In a recent meta-analysis of distance and online learning, Bernard et al. (Distance Education 25(2):175–198, 2009) quantitatively verified the importance of three types of interaction: among students, between the instructor and students, and between students and course content. In this chapter, we explore these findings further, discuss methodological issues in research, and suggest how these results may foster instructional improvement. We highlight several evidence-based approaches that may be useful in the next generation of distance and online learning. These include principles and applications stemming from the theories of self-regulation and multimedia learning, research-based motivational principles, and collaborative learning principles. We also discuss the pedagogical challenges inherent in distance and online learning that need to be considered in instructional design and software development.
- Instructional Design
- Online Learning
- Distance Education
- Student Interaction
- Individual Accountability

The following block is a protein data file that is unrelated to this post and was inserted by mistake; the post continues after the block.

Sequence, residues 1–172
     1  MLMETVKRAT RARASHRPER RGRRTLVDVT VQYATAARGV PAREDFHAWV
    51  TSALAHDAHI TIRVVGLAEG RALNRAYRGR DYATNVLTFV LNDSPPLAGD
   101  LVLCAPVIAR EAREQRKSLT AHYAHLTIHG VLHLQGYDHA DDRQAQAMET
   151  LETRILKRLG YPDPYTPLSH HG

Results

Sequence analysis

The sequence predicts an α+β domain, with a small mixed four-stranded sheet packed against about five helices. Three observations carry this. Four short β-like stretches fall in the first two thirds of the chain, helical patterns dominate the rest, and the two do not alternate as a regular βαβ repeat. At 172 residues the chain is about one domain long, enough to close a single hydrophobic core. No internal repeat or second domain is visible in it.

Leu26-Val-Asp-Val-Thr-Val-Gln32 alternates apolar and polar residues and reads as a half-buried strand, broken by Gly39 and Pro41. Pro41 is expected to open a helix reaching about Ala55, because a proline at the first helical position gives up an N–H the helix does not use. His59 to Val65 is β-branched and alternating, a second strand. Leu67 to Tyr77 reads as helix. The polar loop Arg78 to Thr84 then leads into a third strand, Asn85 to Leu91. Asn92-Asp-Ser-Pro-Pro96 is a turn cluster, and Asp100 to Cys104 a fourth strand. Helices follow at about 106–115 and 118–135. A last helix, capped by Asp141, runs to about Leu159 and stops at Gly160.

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The preparation of this chapter was facilitated by grants to Abrami and Bernard from the Social Sciences and Humanities Research Council, Government of Canada and the Fonds Québécois de la Recherche sur la Société et la Culture, Province of Québéc. An earlier version of this chapter was presented at “The Evolution from Distance Education to Distributed Learning” 2010 AECT Research Symposium, Bloomington, Indiana, July 2010.
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Abrami, P.C., Bernard, R.M., Bures, E.M., Borokhovski, E., Tamim, R.M. (2012). Interaction in Distance Education and Online Learning: Using Evidence and Theory to Improve Practice. In: Moller, L., Huett, J. (eds) The Next Generation of Distance Education. Springer, Boston, MA. https://doi.org/10.1007/978-1-4614-1785-9_4
Publisher Name: Springer, Boston, MA
Print ISBN: 978-1-4614-1784-2
Online ISBN: 978-1-4614-1785-9